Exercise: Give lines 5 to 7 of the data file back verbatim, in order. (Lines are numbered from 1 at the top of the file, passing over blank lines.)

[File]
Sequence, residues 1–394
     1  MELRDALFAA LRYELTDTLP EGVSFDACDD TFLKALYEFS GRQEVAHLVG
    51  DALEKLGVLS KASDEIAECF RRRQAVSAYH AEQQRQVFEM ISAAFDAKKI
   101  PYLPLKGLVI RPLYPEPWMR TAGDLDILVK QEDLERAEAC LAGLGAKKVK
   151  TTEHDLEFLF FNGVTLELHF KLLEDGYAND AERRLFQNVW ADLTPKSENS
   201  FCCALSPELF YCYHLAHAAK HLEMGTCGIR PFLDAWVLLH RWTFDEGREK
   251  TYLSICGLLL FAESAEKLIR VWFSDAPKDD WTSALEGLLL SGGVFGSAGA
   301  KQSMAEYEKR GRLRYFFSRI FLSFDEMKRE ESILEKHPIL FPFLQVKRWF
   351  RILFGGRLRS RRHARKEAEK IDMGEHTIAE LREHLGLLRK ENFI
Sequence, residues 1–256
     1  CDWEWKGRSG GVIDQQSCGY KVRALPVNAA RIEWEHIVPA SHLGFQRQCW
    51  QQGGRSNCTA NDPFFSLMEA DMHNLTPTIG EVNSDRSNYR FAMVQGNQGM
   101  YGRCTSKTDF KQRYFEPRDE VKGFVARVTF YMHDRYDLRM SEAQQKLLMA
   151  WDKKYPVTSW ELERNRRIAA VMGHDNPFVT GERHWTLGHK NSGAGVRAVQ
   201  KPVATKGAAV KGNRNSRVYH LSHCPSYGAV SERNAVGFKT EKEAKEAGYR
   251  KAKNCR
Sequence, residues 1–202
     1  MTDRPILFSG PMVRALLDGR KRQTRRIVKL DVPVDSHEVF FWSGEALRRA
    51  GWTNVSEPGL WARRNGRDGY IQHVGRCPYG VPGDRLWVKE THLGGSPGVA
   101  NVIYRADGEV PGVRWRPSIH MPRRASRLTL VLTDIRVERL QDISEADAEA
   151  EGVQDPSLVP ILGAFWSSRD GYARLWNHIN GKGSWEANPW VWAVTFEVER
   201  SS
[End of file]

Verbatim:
   151  TTEHDLEFLF FNGVTLELHF KLLEDGYAND AERRLFQNVW ADLTPKSENS
   201  FCCALSPELF YCYHLAHAAK HLEMGTCGIR PFLDAWVLLH RWTFDEGREK
   251  TYLSICGLLL FAESAEKLIR VWFSDAPKDD WTSALEGLLL SGGVFGSAGA